SDSU class sequences the sea’s DNA

by Torrey Bailey, Staff Writer

A San Diego State course teaches undergraduate students a skill set that has furthered an ongoing research project analyzing bacteria’s impact on kelp forests.

Students of Biology 562: Ecological Metagenomics, taught by associate professor Elizabeth Dinsdale, study the relationship between viruses, bacteria and the surrounding environments through hands-on approaches.

Each month, Dinsdale takes ecology graduate students on a small boat to collect water samples.

The goal of the research is to track the conditions of the kelp and the bacteria in its ecosystem.

“We can look at the microbes and identify what they’re doing,” Dinsdale said. “If we can make that direct link, we can then say, ‘Look this is happening, so that’s what the downstream effect might be on the kelp or the fish. So let’s change our policy now before we are all affected.’”

Megan Morris took a DNA sequencing course and now works with Dinsdale to specifically study how runoff from cities affects the ocean and hopes her findings will shape future environmental policies.

“Without that (ecological metagenomics) class, I probably wouldn’t be encouraged to keep studying at SDSU,” Morris said.

In order to analyze the prey-predator relationship between virus and bacteria, students need to identify each organism’s DNA content. Instead of giving the students pre-sequenced DNA, Dinsdale has the class use next-generation sequencing technology.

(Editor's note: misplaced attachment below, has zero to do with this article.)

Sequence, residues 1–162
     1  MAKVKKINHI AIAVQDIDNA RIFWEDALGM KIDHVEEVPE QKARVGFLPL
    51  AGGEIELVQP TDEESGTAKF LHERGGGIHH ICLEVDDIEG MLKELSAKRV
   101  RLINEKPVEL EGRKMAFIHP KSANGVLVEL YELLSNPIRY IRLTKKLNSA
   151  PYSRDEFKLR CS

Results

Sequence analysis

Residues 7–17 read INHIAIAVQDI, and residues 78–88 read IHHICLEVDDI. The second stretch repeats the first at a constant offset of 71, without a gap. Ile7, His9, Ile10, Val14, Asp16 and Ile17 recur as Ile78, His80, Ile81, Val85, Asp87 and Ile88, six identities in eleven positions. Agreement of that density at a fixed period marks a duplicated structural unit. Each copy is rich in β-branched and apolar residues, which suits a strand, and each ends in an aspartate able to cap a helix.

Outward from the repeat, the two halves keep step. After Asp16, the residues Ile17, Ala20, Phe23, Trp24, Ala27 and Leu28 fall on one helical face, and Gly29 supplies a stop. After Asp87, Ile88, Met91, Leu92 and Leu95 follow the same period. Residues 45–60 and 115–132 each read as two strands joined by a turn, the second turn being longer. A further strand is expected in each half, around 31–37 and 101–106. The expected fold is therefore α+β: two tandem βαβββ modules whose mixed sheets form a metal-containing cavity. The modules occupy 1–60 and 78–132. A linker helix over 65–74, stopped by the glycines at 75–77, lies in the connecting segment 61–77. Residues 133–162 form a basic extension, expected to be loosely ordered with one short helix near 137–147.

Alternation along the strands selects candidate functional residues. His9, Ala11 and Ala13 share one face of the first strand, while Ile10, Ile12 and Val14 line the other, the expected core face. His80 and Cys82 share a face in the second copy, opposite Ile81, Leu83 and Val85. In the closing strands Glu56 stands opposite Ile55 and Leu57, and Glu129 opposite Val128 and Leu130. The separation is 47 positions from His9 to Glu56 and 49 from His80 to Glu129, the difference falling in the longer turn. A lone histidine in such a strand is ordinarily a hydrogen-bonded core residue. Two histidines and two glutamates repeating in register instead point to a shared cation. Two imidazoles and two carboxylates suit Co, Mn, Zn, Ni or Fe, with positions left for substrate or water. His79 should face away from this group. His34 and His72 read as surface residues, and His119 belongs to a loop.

“We’re expecting a higher performance from the students than they realize,” Dinsdale said. “This is an expensive piece of equipment, these are expensive chemical reactions. So we tell them to read it carefully, take care, and do it properly. And they did.”

This work is normally reserved for highly-trained professionals in sterile conditions, she said. The data-sequencing machines sell for $500,000 and running one sequence can cost $10,000.

“Many people have these sequences, but they don’t let their students use it,” Dinsdale said. “A lot of schools actually take the DNA, but it’s not fun because you haven’t sequenced it yourself.”

However, these sequences are incomprehensible unless adequate computer science can analyze the DNA strands, which is why Dinsdale teamed up with associate professors of bioinformatics Robert Edwards.

“The machine generates the sequence, but it doesn’t generate the understanding,” Edwards said. “So what our lab does with all the things we develop is to try and provide the understanding to the DNA sequence.”

In August, Edwards helped create a tool to speed up this process.

The online tool, called CrAss, or cross-assembly of metagenomes, analyzes the environmental genetic samples to uncover the wealth of information contained within them. The data can then be used to compare with other samples.

With the help of Edwards’ tool, Dinsdale launched a long-term research project to monitor the kelp forest off of Point Loma’s coast.